A new scientific report shows serious flaws in FBI testimony in hundreds of criminal cases involving evidence on the chemical composition of bullets, the Los Angeles Times reports.
The report stopped short of condemning the forensic method, but it proposed changes in how the bureau portrayed bullet-lead evidence that would significantly undercut the technique’s usefulness in a criminal trial, experts said. “If this technique had not been used for years to send people to prison, no reasonable scholars of forensic evidence would consider it ready for court,” said William Thompson, professor of law and criminology at University of California- Irvine.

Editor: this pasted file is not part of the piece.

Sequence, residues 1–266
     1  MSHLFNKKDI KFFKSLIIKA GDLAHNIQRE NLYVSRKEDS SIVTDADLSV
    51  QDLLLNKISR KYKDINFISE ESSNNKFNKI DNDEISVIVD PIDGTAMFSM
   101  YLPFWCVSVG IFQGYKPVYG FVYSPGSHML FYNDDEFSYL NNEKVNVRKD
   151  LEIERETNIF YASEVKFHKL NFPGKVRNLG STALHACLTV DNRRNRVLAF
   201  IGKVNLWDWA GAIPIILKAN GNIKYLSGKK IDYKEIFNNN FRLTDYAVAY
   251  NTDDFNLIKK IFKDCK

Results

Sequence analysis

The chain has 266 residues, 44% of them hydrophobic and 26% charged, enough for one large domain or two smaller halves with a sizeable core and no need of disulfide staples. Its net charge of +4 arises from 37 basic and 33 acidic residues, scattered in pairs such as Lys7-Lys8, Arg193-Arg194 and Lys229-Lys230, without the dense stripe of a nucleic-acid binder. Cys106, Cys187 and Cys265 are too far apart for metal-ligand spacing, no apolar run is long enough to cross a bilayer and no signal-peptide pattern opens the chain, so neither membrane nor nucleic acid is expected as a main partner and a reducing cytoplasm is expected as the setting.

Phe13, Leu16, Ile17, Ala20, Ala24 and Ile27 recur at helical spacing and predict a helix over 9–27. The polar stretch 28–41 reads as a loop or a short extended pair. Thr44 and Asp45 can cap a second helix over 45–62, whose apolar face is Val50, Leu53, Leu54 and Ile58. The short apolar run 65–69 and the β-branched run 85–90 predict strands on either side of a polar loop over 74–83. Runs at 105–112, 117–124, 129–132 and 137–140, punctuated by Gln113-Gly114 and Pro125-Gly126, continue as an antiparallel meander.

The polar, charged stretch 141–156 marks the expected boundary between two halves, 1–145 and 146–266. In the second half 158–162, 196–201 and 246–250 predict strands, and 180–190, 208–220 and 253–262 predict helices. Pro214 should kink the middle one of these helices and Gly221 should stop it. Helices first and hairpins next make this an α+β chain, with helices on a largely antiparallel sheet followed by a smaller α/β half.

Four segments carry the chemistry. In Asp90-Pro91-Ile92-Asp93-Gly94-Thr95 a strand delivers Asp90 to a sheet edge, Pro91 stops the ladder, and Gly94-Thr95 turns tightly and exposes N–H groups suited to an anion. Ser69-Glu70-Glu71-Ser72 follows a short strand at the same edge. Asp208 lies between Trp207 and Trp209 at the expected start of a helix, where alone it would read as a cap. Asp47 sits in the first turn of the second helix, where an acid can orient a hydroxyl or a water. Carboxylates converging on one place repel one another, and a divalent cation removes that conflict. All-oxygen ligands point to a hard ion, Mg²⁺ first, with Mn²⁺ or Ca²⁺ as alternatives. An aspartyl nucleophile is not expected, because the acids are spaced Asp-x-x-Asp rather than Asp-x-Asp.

The report called FBI testimony that crime-scene bullets could be linked to bullets found in a box owned by a suspect, or to similar boxes manufactured at the same time, “seriously misleading” and “objectionable.” The findings could prompt the reopening of cases in which bullet-lead analysis played a role in convictions. FBI examiners have testified about the method in about 500 cases since 1980. The Justice Department is considering whether “anything in the report should be conveyed to prosecutors” about reviewing such cases, said FBI lab director Dwight E. Adams.
A Los Angeles Times investigation of bullet matching last year suggested that the FBI’s use of the technique might have greatly inflated its scientific validity. The new report was conducted by a panel of the National Research Council, a division of the National Academies, the nation’s preeminent scientific society.